That Yarn Stash

Let's talk about yarn storage. Something that happens to knitters over time: the obsession with yarn. I can't go a month without ordering a box of wool. There's something about the anticipation and potential of an untouched skein that is too beautiful. It's a wonderful addiction, but that's not what I'm here to talk about today. 


I usually make about 2-3 projects/month, so I'm definitely ordering more wool than I can turn into projects.  What do I do with all that yarn? I dump it all over my bed and roll around in it; isn't that what you do? But really,  yarn storage is a constant struggle. I'd love for my stash to look as beautifully color coded and stacked as it does in my favorite yarn stores, but that's not my reality. 


There are many angles to my yarn storage struggle: how do I keep it organized? How do I keep from buying duplicate skeins when I can't find that ball of Madelinetosh that I swear I bought last month? How do you keep it from spreading all over my house and taking over my life (that's not spaghetti I'm cooking with, that's sock yarn). Finally, my least favorite battle: how do I keep the dust away. 

I hadn't ever really thought about the effects of dust on yarn until I started storing it on my book shelves. I thought "this would be a great way to display my skein's colors and keep things a bit more tidy." Turns out that as many other San Franciscans know, this city is dusty! When I pulled down a skein of ASAP to knit a Christmas present last year I had a delighted to see that it was covered in dust. Have you ever tried to get dust off of yarn? It's not easy. To prevent this, I started storing my yarn in boxes. This was a great move until the boxes started taking over and the yarn started spilling out. I guess I'm not as disciplined with organizing my crafts as I'd like to be. Still, this is good progress for me and it does the trick for keeping most of the dust at bay. It was time to level up.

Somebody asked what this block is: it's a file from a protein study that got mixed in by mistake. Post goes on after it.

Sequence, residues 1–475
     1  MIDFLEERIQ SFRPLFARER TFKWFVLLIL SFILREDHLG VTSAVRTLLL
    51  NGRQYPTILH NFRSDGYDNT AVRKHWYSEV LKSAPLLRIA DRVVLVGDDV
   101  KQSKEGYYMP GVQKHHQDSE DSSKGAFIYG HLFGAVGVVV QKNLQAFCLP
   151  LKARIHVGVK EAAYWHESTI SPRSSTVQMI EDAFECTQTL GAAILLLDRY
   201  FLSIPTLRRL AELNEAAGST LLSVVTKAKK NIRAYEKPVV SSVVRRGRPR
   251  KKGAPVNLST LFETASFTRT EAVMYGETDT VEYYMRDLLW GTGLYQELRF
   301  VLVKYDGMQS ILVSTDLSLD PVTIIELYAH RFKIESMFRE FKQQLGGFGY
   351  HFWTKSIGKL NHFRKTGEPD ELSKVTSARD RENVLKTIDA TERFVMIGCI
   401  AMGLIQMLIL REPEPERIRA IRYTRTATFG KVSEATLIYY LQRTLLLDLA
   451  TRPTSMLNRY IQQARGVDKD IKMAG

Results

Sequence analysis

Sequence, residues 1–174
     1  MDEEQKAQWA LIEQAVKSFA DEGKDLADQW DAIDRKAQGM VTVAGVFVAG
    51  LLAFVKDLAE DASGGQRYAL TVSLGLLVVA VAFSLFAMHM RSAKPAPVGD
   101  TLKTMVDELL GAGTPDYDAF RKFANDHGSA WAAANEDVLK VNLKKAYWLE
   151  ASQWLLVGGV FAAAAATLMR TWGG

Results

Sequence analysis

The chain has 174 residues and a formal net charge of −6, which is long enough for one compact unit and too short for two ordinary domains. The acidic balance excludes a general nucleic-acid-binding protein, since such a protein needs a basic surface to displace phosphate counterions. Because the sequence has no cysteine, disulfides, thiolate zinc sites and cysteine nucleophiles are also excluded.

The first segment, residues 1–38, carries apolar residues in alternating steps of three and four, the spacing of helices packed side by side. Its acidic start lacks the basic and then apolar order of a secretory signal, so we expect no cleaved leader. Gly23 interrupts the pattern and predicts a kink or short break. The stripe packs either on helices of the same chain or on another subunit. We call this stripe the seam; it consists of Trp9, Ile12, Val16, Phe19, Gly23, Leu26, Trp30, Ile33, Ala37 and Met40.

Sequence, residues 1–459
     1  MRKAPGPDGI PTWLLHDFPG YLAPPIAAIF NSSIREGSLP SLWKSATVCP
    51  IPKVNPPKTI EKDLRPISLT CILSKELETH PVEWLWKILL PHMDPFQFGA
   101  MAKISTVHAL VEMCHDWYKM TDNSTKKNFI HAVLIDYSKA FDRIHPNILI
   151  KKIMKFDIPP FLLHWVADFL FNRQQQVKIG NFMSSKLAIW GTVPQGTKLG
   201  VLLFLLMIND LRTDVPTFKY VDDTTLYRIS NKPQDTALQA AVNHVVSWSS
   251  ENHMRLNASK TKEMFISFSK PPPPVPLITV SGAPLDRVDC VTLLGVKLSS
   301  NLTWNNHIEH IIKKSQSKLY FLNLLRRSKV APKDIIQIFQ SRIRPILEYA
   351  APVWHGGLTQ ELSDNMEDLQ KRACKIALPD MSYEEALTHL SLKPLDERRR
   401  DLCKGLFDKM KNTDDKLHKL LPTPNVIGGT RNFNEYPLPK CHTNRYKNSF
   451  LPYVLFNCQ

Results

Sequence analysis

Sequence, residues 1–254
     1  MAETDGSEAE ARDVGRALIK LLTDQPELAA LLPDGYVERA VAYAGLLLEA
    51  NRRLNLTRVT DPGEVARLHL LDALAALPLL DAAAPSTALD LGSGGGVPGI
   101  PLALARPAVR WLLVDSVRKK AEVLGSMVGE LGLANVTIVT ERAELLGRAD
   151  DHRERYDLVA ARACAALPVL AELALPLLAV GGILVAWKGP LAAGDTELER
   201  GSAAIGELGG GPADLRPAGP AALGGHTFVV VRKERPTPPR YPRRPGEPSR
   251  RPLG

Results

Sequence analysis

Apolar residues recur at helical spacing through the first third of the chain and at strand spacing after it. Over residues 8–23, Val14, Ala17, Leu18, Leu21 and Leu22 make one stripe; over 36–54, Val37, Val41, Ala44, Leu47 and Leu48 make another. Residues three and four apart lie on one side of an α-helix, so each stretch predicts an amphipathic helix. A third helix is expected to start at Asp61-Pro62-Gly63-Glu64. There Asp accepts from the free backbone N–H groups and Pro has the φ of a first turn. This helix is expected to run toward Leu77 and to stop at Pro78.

When I'm prepping a larger project that requires multiple skeins of yarn, I pull the skeins together, swift them and lay them out to plan my project. I usually end up stacking the prepped balls on my crafting table so that they're ready to go when I need them. And the problem with this is pretty obvious (I hope): dust. So, I started storing my yarn in ziplock bags. I'm contemplating doing this with all of my yarn and the up side is that I can collate the crap out of my yarn stash: by color, by project, by weight, by company, etc. Then I can label everything and finally step back and marvel at my perfectly organized yarn wall. GOALS

Ultimately what I've learned about yarn storage is that it's all about the little things (coincidentally that's sort of what knitting is all about, too). When I've reached the ultimate level and am an old lady with oodles of knitting wisdom, then maybe I'll have combined all these tricks and be surrounded by yarn stash harmony. Until then I have a subscription for ziplocks